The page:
Philip Joens covered a caucus held by his grandparents Art Joens and Peggy Joens held in their home near Manilla, Iowa on Jan. 3, 2012.
MANILLA, IOWA — Three days from now the State of South Carolina will hold its presidential primary. But before you pack up and move your interest across the nation, I’m here to bring you one final story from Iowa; site of our nation’s first presidential caucuses.
On January 3, 2012, five people proved that size does not matter in the Iowa Caucuses. Tuesday night near Manilla, Iowa, just five of 56 eligible voters participated in the Aspenwall Precinct’s caucus.
The caucus, one of just two in the state to be hosted in a home, was held in the house of Art & Peggy Joens.
Small it may be. But this caucus still matters to all involved.
First, gathered in the living room of Mr. & Mrs. Joens’ house, the five participants said the pledge of allegiance while looking at a small American flag sitting in the windowsill.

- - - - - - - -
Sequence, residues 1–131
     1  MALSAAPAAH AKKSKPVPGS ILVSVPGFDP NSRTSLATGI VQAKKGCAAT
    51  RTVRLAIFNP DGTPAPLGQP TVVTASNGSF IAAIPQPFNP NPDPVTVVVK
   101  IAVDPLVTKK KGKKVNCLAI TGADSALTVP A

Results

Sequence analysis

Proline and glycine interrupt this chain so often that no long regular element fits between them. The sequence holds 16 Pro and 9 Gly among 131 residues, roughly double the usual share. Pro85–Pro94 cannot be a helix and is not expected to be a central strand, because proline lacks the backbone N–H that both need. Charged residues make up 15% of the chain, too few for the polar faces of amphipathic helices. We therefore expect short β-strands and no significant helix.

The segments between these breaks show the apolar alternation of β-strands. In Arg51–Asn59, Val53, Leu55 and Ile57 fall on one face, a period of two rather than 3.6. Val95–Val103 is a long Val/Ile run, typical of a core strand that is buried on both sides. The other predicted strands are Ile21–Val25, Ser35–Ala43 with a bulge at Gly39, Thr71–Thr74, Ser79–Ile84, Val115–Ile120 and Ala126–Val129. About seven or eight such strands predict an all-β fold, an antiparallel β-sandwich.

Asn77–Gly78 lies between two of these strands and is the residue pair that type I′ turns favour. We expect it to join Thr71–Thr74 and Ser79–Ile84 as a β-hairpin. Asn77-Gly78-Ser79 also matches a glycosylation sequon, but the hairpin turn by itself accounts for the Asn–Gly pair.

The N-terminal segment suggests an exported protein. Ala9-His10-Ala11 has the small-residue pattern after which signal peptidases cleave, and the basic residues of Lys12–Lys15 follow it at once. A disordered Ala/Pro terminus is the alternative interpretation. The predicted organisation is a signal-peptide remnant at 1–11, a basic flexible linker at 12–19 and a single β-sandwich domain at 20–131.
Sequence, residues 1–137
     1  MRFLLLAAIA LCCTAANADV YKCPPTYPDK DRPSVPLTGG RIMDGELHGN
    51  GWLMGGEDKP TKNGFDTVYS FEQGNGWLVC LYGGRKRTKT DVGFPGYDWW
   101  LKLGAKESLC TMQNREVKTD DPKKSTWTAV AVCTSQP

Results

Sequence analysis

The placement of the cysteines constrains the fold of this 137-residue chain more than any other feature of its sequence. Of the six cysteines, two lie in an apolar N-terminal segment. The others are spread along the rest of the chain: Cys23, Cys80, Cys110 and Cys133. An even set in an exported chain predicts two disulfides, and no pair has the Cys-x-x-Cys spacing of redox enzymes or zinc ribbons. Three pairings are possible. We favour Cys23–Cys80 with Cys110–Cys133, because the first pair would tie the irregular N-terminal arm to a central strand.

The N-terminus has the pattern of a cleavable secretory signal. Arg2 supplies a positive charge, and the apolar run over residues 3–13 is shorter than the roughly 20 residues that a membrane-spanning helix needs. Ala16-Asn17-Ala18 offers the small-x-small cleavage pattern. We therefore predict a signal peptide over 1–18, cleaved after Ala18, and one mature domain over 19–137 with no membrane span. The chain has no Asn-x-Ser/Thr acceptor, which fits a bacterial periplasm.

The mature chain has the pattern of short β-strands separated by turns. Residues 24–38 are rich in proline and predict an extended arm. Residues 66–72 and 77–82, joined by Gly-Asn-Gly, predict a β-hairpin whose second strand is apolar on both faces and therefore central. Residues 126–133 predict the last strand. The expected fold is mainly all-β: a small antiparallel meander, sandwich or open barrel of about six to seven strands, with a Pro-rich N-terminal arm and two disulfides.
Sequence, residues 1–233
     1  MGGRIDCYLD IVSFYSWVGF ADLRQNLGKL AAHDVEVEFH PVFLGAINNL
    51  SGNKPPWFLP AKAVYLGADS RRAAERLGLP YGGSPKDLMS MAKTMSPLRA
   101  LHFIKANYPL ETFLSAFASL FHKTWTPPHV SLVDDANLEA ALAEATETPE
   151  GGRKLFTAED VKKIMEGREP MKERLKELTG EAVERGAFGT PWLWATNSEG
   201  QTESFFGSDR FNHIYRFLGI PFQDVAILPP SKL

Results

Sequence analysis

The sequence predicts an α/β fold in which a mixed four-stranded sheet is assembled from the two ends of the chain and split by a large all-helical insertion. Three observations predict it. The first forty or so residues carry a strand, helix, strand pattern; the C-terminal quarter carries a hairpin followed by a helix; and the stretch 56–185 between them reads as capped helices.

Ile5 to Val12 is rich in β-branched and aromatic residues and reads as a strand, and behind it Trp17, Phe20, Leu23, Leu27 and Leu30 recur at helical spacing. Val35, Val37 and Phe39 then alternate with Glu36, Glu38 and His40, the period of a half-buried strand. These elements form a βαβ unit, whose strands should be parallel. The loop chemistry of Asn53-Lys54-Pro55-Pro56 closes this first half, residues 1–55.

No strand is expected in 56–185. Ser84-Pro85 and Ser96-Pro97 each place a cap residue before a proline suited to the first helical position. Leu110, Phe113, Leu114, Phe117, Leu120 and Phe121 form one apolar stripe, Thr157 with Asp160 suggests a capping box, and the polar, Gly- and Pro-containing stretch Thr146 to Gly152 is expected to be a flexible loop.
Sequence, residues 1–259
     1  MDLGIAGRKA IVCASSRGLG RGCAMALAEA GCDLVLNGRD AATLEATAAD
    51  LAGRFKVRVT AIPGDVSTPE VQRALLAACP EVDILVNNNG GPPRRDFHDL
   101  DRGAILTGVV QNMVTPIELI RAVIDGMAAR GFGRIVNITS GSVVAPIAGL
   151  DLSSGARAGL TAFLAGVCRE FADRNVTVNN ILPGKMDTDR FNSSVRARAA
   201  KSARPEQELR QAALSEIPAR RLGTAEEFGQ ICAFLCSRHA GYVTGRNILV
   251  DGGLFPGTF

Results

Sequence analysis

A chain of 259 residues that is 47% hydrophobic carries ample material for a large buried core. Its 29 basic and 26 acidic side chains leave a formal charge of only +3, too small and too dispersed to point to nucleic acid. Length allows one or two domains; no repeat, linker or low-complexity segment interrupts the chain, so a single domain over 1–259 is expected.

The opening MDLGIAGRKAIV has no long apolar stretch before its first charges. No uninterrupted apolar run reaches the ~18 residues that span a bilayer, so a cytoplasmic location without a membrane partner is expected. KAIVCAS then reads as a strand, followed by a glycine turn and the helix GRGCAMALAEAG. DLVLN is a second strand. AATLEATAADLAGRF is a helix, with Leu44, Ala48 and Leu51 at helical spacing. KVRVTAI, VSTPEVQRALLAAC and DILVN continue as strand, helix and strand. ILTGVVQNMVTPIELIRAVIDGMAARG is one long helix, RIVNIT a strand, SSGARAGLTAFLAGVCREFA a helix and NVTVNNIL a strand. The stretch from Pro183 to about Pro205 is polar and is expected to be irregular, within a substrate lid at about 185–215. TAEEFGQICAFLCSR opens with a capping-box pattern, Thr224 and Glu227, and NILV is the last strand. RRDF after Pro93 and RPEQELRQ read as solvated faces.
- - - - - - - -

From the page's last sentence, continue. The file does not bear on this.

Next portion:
Next, they each introduced themselves as they sipped on coffee, cookies and brownies Mrs. Joens prepared for the night. Sitting on a couch in the corner of the room were first-time caucus goers Mike and Brittney Nieland of Manning. Rose Brant, also of Manning, sat in a chair across from the Nieland’s.
Next, Mr. Joens pointed out to the group that at a bigger venue people would divide themselves into groups according to which candidate they supported. Next members of the sub-groups would tell everyone why they supported that candidate.
However, in this setting, each person got as much time as they needed to explain whom they supported and why to everyone.
Mrs. Joens then passed out blank sheets of notebook paper and handed pens out to everyone.
Two minutes later she gathered the votes in one of Mr. Joens’ hats.
She then stepped out of the living room, walked 30 feet to the kitchen, and counted the five votes on the counter.
She walked back into the living room, and handed the results to her husband. Mr. Joens then announced the results to the group. Final count at the Joens’ household